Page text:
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So far, tax season has “no unexpected problems”

March 22, 2022 | xpath.global

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With tax season less than a month away, what was expected to be a difficult filing season for the IRS has gone better than expected — so far.

The IRS processed 5.9 percent more returns at the end of the second week of March compared to the same time last year, despite receiving 3.9 percent fewer returns from taxpayers. According to the most recent statistics, refunds are larger than in 2021. About 97.5 percent of refunds go into direct deposit.

“The good news is for the current tax filings, there’s been no unexpected problems at this point,” National Taxpayer Advocate Erin Collins, told Yahoo Money. “Electronic returns processed timely and refunds are getting out the door. The biggest challenge the IRS faces is paper.”

Nonetheless, there were some early hiccups with the Child Tax Credit. The IRS is still dealing with a larger-than-usual backlog of individual returns from the previous tax season, which could cause delays for newly received paper returns.

Returns processing

The IRS had processed nearly 98 percent of the 63,474,000 returns it had received as of March 11. Last year at this time, it had processed approximately 89 percent of the 66,065,000 returns received.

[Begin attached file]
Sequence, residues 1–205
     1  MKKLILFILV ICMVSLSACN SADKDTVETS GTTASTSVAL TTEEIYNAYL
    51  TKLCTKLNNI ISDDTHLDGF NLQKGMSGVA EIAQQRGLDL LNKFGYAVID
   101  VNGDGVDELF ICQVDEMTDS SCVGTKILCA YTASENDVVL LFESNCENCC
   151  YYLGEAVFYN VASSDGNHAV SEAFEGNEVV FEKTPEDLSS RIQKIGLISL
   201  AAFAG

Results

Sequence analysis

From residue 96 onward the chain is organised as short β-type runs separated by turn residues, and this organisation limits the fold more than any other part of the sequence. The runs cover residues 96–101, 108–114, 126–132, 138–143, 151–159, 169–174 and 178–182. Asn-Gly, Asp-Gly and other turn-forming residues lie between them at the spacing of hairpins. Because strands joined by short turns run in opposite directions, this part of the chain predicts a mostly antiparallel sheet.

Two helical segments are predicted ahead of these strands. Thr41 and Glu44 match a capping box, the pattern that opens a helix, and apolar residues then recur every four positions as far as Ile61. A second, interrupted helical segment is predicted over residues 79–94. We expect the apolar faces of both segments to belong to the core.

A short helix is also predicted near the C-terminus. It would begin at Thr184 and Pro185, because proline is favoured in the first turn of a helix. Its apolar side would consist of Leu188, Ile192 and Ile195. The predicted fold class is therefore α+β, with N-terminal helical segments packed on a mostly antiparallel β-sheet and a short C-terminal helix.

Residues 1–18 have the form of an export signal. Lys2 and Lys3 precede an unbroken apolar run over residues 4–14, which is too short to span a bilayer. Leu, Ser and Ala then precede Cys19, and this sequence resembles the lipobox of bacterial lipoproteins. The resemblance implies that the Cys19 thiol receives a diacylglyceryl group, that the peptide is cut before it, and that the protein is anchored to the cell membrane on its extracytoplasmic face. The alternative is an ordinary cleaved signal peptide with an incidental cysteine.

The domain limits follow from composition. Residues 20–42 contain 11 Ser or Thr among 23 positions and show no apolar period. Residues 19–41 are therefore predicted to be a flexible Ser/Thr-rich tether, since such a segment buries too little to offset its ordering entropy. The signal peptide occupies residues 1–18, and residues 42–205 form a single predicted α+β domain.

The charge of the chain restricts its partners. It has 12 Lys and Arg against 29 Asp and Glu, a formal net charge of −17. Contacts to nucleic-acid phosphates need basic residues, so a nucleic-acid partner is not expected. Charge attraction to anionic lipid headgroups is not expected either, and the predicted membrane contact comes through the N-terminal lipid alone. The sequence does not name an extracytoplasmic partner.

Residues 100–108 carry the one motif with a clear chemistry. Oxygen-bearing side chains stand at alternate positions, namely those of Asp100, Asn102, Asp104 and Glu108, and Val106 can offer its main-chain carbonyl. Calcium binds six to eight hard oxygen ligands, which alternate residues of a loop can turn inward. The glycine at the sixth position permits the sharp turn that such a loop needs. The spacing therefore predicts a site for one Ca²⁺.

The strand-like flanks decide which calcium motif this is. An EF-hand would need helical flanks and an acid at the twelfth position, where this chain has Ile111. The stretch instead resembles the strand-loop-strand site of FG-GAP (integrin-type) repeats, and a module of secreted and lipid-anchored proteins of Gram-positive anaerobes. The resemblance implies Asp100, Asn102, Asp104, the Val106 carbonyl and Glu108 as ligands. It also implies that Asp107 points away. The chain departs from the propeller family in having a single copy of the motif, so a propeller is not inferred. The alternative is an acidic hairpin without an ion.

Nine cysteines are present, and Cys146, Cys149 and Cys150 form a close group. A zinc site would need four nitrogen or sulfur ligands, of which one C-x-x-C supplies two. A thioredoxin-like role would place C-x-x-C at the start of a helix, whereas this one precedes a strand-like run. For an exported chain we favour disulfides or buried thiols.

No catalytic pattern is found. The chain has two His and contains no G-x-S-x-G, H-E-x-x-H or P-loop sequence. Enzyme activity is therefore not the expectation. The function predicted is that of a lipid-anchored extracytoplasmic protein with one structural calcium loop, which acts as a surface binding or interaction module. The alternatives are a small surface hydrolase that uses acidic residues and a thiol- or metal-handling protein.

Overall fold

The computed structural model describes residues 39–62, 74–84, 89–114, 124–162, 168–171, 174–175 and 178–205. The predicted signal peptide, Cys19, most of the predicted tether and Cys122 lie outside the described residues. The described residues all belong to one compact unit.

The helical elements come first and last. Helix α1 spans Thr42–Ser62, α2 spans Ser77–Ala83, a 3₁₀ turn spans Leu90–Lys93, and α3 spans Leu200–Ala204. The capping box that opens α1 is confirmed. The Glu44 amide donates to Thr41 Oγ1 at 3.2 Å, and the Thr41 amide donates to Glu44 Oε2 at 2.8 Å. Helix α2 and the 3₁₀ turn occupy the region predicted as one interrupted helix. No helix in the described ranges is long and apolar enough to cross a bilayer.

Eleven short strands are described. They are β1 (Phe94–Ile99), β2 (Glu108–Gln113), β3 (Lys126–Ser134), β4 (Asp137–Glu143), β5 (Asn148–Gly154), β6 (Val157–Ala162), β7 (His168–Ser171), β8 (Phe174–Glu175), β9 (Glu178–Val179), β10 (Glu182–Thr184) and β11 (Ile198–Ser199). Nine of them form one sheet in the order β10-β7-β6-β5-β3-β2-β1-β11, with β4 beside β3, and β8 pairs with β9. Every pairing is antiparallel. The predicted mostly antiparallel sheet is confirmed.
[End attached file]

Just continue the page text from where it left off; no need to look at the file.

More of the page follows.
In addition to keeping up with processing, the IRS has launched other initiatives to streamline the filing season. It launched a special new online page to provide the most up-to-date details and information about the 2022 filing season. It continues to update its FAQ pages for taxpayers seeking answers.

To help alleviate the historically large tax return backlog, the IRS repurposed 700 IRS employees from the Austin, Ogden, and Kansas City facilities to work on unprocessed paper tax returns. This “surge team” complements the agency’s earlier effort in February. They managed to reassign 800 existing employees to work directly with unprocessed tax returns or correspondence.

“IRS employees have been working tirelessly to process backlogged returns and taxpayer correspondence,” IRS Commissioner Charles Rettig said previously. “To ensure inventory is back to a healthy level for next filing season, we are leaving no stone unturned. We take an all-hands-on-deck approach to ensure as many employees as possible are dedicating time to return processing.”

Source: aol.com

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